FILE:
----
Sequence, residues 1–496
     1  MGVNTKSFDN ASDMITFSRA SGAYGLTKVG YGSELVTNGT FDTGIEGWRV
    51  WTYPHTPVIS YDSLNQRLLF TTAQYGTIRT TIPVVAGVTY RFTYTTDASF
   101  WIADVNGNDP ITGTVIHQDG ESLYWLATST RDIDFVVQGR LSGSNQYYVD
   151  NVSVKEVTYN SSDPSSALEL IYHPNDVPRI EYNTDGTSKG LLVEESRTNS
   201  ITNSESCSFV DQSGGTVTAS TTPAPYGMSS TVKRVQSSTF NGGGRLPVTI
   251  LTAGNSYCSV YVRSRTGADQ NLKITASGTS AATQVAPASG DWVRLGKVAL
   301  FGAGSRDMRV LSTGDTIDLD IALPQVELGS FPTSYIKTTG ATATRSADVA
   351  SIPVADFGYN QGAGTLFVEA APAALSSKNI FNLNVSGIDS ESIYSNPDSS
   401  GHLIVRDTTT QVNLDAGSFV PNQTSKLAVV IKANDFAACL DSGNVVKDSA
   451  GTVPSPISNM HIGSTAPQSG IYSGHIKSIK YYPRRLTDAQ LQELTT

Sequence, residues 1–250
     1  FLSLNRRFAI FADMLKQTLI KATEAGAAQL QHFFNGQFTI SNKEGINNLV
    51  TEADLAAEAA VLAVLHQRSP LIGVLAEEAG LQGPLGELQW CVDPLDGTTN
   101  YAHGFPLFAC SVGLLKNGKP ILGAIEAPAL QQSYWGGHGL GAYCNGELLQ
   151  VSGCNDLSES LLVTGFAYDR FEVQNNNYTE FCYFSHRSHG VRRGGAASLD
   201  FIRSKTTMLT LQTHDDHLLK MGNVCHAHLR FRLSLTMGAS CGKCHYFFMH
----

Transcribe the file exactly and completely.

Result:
Sequence, residues 1–496
     1  MGVNTKSFDN ASDMITFSRA SGAYGLTKVG YGSELVTNGT FDTGIEGWRV
    51  WTYPHTPVIS YDSLNQRLLF TTAQYGTIRT TIPVVAGVTY RFTYTTDASF
   101  WIADVNGNDP ITGTVIHQDG ESLYWLATST RDIDFVVQGR LSGSNQYYVD
   151  NVSVKEVTYN SSDPSSALEL IYHPNDVPRI EYNTDGTSKG LLVEESRTNS
   201  ITNSESCSFV DQSGGTVTAS TTPAPYGMSS TVKRVQSSTF NGGGRLPVTI
   251  LTAGNSYCSV YVRSRTGADQ NLKITASGTS AATQVAPASG DWVRLGKVAL
   301  FGAGSRDMRV LSTGDTIDLD IALPQVELGS FPTSYIKTTG ATATRSADVA
   351  SIPVADFGYN QGAGTLFVEA APAALSSKNI FNLNVSGIDS ESIYSNPDSS
   401  GHLIVRDTTT QVNLDAGSFV PNQTSKLAVV IKANDFAACL DSGNVVKDSA
   451  GTVPSPISNM HIGSTAPQSG IYSGHIKSIK YYPRRLTDAQ LQELTT

Sequence, residues 1–250
     1  FLSLNRRFAI FADMLKQTLI KATEAGAAQL QHFFNGQFTI SNKEGINNLV
    51  TEADLAAEAA VLAVLHQRSP LIGVLAEEAG LQGPLGELQW CVDPLDGTTN
   101  YAHGFPLFAC SVGLLKNGKP ILGAIEAPAL QQSYWGGHGL GAYCNGELLQ
   151  VSGCNDLSES LLVTGFAYDR FEVQNNNYTE FCYFSHRSHG VRRGGAASLD
   201  FIRSKTTMLT LQTHDDHLLK MGNVCHAHLR FRLSLTMGAS CGKCHYFFMH